Spotting vehicle defects can be surprisingly challenging. However, this is a process that’s really important to get right. For example—what if you’re car shopping, and need to figure out if a particular car has any issues? What if you’re buying a car from a private seller, and need to do your own inspection to make sure that you’re not buying into something that’s going to be dangerous or problematic later on?
Sometimes, getting a good deal on a car can quickly turn into paying a lot of money for expensive repairs that you never saw coming. Or, even worse, vehicular defects could lead to you needing to get a personal injury attorney in the event that you get injured! Seriously—none of this is good for anyone! But to be honest, one of the best ways to head this problem off before it becomes serious is to learn how to spot common vehicle defects before they really become an issue, and/or before you even purchase the vehicle.
This is especially important if you’re planning to utilize ride-sharing services to make some extra money. For example, if you’re going to drive for Uber or Lyft, you really need to make sure that your vehicle is solid and safe. So let’s dive into it and talk about 3 of the most common defects, and how to spot them.
1. Seat Belts That Don’t Work
This may seem like a simple thing, but don’t be fooled. Malfunctioning seat belts can be incredibly dangerous. Plus, this problem is a lot more common than you might realize. Thankfully, you can usually find evidence of malfunctioning seat belts with a basic inspection of the belts, latches, and the ‘retraction’ mechanisms that keep them working properly. If you find that a seatbelt is malfunctioning, you should definitely bring it to the attention of the seller, or get the problem fixed if you already own the car. This can be a surprisingly expensive fix. So you should definitely bring it up during the buying process if you don’t yet own the vehicle. You’ll want the seller to pay for this or give you credit for it in the final sale price.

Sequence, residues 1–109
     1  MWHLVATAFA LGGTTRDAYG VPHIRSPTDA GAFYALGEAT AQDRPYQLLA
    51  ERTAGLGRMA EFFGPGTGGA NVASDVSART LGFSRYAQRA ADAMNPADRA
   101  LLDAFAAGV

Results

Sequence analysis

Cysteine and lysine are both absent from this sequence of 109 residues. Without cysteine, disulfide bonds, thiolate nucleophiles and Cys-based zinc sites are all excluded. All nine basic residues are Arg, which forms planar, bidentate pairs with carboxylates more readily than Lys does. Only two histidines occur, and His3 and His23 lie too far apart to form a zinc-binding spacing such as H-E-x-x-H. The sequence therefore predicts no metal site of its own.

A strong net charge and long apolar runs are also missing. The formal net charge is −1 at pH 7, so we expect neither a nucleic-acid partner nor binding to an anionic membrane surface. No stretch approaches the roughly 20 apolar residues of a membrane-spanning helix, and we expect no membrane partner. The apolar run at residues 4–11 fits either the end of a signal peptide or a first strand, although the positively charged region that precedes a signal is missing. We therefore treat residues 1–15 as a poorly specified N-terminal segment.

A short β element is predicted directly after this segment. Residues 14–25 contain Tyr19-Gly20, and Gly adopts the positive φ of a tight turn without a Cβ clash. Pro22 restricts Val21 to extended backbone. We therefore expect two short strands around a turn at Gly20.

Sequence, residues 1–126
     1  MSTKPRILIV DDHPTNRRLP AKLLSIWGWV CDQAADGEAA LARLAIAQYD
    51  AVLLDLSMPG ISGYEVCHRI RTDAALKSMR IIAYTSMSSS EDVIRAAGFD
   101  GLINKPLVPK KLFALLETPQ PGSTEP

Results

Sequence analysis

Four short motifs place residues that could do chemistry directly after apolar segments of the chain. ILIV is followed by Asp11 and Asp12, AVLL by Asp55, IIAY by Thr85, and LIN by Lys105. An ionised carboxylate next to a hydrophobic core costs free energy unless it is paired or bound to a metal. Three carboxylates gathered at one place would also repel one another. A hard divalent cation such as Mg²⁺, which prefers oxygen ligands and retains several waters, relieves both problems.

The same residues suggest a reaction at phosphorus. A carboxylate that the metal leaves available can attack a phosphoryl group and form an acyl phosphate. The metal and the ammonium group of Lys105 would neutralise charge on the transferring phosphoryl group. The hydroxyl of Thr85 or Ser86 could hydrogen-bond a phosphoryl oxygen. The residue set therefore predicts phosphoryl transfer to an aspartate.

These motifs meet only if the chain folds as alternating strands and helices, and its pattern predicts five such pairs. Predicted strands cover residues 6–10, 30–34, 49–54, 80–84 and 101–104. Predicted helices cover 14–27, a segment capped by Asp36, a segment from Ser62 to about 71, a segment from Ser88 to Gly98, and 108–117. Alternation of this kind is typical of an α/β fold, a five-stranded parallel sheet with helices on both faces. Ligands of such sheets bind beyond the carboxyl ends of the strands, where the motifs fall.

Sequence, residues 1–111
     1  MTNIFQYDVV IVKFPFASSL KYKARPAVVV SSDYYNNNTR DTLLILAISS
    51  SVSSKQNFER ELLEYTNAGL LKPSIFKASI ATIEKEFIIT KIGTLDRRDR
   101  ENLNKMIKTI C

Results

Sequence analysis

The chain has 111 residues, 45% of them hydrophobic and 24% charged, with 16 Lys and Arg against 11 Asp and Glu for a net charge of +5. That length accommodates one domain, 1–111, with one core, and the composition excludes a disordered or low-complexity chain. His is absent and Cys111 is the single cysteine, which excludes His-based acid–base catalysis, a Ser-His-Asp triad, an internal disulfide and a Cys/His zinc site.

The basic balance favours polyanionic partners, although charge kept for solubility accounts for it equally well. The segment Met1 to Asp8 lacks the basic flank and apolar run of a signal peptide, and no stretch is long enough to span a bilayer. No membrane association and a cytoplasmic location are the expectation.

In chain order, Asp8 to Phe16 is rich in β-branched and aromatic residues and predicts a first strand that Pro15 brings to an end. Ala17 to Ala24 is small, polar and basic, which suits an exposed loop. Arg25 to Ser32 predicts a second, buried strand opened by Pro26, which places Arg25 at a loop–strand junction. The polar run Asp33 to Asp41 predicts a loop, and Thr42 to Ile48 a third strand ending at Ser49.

2. Steering Problems
This is another one of those problems that, thankfully, is pretty easy to detect with a test drive. While you’re driving, take note of any weird ‘feelings’ or ‘vibrations’ in the steering wheel.
- Does the car seem to shutter back and forth a little bit?
- Do you feel clicking or knocking when you turn the wheel to take a corner?
- Do you feel like the wheel is a little bit too difficult to turn?
- Does just turning the car feel generally unsteady or problematic?
- Do you feel weird vibrations in the steering wheel while the car is driving straight ahead?
These could all be indications of deeper underlying steering wheel, steering column, or even front axle or alignment issues. And one of the worst things about this type of defect is that the problems can tend to get worse over time if they’re not addressed. These can also be expensive problems to solve. So don’t buy a vehicle that shows any of these types of signs.
3. Door Latch Issues
This may seem like more of a cosmetic issue, but it’s actually quite important for general overall safety. If the door latches on your car aren’t operating up to a safe standard, this can actually put you at quite a bit of risk. For example, what if you were driving and the door suddenly came open and hit another car or a pedestrian?
What if you took a corner and your door opened, threatening to eject you or a passenger from the vehicle? You should do a thorough inspection of all door latches before buying any car. Try the door latches out by opening and closing the doors and checking for any irregularities. If you detect some kind of issue, definitely bring it to the seller’s attention. If you already own the car and have identified a door latch issue that’s creating a concern, you should definitely take it to a mechanic and get it checked out. This can be a surprisingly dangerous problem.
Hopefully, this post has helped you to understand how to spot some of the most common vehicle defects, and what you should do to help take corrective action. Nobody wants to find defects in their vehicle. But unfortunately, it happens. And when you do detect them, it’s always in your best interest to get them fixed as quickly as possible.
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